At the 2016 24 Hours of Le Mans, Audi, Porsche, and Toyota will battle for the win with their futuristic hybrid race cars, but another carmaker is getting all of the attention. Ford and its quartet of GTs won’t be in the running for an overall win, but the Blue Oval is nonetheless the biggest Le Mans story this year.
So what’s the big deal?
Basically, it’s a case of déjà vu. Fifty years ago, Ford won Le Mans with its GT40, the culmination of a fierce battle with Ferrari. Today’s GT supercar is inspired by the GT40, and Ford would very much like a win in the GTE Pro class for production cars in order to drive that point home. There’s no feud with Ferrari this time, but Ford’s reputation is definitely on the line. The GT is a technological showcase for the company, so failure will be almost as humiliating as it was the first time Ford tried to win Le Mans.
An epic rivalry
The 1966 24 Hours of Le Mans went pretty well for Ford. Its cars finished 1-2-3, and Ferrari was never really in contention. But that victory came only after defeats in 1964 and 1965, showing the determination of Henry Ford II to beat Enzo Ferrari on the biggest motor sport stage in the world.
Grandson of company founder Henry Ford and referred to as “The Deuce,” Ford’s then boss had offered to buy Ferrari in 1963, but Enzo Ferrari went back on the deal. In his book on Ford/Ferrari rivalry, Go Like Hell, author A.J. Baime argues that Enzo spurned Ford because of concerns he wouldn’t maintain full control of Ferrari’s racing operations. Whatever the reason, Henry Ford II was not happy.
“All right,” he said upon hearing the news that the deal was dead, “We’ll beat his ass. We’re going to race him.”
The Deuce chose Le Mans because he knew it would hurt Ferrari the most. As it is today, Le Mans was arguably the most prestigious event in international motor sports, and at the time, Ferrari was dominating. Ford’s 1966 victory broke a six-year Ferrari winning streak. After 1966, Ferrari never made another serious attempt at Le Mans again, instead focusing on Formula One.
The story of two industrial titans deploying their companies’ full might to settle a personal vendetta seems like something out of an automotive-industry soap opera, but there was also a practical element for Ford. While today carmakers try to attract new customers by emphasizing technology, in the 1960s it was all about performance. Ford used racing to attract new buyers, particularly younger buyers, and Le Mans was just one facet of a campaign known as “Total Performance.”
Ford’s Le Mans winning streak continued through 1967, 1968, and 1969, after which new rules made its GT40 obsolete, and the 1970s oil crises made performance less fashionable. Ford hasn’t pursued endurance racing as aggressively since then, but the rivalry with Ferrari has become legendary.
Henry Ford II chose Le Mans because he knew it would hurt Ferrari the most.
Ford built its first GT road-going supercar in 2005. That car looked like a carbon copy of the original GT40, but it was never meant for racing. With the 50th anniversary of the GT40’s first Le Mans win approaching, Ford decided it was time for another GT, and a return to the French race. So the radically styled GT that dropped jaws at the 2015 Detroit Auto Show was designed in tandem with racing versions.
There is no blood feud with Ferrari this time, but Ford’s return to Le Mans is still important to the company. Now that Ford has consolidated its lineup and is selling many of the same cars in both Europe and the U.S., proving that it can understand both markets is more important than ever.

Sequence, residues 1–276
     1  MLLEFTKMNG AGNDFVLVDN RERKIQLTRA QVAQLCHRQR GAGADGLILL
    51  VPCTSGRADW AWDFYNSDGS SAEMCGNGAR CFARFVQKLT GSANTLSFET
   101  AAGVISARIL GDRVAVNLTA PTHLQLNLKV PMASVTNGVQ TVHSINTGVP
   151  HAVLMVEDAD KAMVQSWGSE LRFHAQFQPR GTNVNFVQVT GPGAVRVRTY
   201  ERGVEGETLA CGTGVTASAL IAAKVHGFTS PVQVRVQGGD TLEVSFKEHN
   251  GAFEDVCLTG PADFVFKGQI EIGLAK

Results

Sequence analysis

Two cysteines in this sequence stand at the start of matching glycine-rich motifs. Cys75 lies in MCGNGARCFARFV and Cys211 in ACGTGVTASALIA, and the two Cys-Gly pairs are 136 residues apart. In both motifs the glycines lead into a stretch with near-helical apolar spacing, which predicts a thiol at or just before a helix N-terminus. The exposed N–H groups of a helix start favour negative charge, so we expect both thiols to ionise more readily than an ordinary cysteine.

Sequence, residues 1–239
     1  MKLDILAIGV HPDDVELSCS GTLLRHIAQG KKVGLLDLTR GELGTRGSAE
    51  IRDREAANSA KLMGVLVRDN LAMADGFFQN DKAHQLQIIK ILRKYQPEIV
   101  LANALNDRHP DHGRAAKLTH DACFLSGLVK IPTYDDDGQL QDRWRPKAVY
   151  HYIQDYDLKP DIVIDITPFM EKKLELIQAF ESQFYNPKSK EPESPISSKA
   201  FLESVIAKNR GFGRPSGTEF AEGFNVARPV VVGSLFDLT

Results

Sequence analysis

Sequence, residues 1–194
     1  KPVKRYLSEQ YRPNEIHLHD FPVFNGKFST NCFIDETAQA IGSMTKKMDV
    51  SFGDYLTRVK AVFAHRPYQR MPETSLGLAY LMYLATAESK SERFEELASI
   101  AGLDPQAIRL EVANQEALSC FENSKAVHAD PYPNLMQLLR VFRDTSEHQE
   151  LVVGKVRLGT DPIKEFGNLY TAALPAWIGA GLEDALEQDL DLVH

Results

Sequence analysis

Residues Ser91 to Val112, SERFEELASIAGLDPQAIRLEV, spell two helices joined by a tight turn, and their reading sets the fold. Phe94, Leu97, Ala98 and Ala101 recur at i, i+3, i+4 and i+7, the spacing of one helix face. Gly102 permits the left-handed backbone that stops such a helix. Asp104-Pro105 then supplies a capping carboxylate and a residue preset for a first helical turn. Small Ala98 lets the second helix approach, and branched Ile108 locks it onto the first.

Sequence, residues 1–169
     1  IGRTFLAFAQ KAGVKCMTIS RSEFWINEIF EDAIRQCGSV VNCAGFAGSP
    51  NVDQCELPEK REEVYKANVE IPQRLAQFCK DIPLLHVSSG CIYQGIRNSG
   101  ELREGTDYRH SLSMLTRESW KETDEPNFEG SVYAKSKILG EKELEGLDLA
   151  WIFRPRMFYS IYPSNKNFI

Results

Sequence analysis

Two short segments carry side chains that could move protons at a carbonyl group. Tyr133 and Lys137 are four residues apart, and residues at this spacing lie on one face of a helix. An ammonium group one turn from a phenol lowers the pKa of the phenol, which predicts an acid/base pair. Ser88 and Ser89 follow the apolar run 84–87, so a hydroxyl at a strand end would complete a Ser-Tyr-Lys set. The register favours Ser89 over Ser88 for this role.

More specifically, Ford needs to promote what sits behind the GT’s driver. The twin-turbocharged EcoBoost V6 is a big change from the V8 engines that powered the last GT and the original GT40. The EcoBoost brand of downsized engines is also the backbone of Ford’s lineup. EcoBoost engines of different sizes are in everything from the F-150 pickup truck to the Fiesta subcompact. Ford believes the turbocharged engines are crucial to meeting fuel-economy standards, but it still needs to convince consumers to want them.
2016: The story so far
Just like it did in the 1960s, Ford is throwing everything it can at Le Mans 2016. It will field 12 drivers and four cars, numbered 66 through 69 in reference to the company’s four Le Mans wins. This Le Mans army combines teams that normally run independently in North America and Europe, overseen by Chip Ganassi Racing and Multimatic Motorsports, which will also build the GT road car.
The GT’s inaugural season has produced mixed results. The car debuted at the Daytona 24 Hours in January, part of the North America-based IMSA WeatherTech SportsCar Championship. The two GTs proved fast, but mechanical problems put them out of contention. At the 12 Hours of Sebring, both cars suffered crashes but ultimately finished, albeit far behind the winning Corvette team. A win also eluded Ford in Long Beach, California, but the GT finally scored one at Mazda Raceway Laguna Seca.
Another pair of GTs runs in the FIA World Endurance Championship (WEC) in Europe. In the season opener at Silverstone in the U.K., the GTs were outclassed by Ferrari 488 GTEs. In the second race at the Belgian Spa-Francorchamps circuit, one of the cars suffered a nasty crash, but the driver was unhurt. The other GT placed second.
Ford’s record so far would seem pretty good in just about any other scenario, but it doesn’t inspire confidence that the four GTs, their 12 drivers, and the teams that back them will actually be able to pull off a Le Mans win on their first try. Whatever the outcome, all eyes will be on the red, white, and blue Fords when the 2016 24 Hours of Le Mans kicks off June 18.
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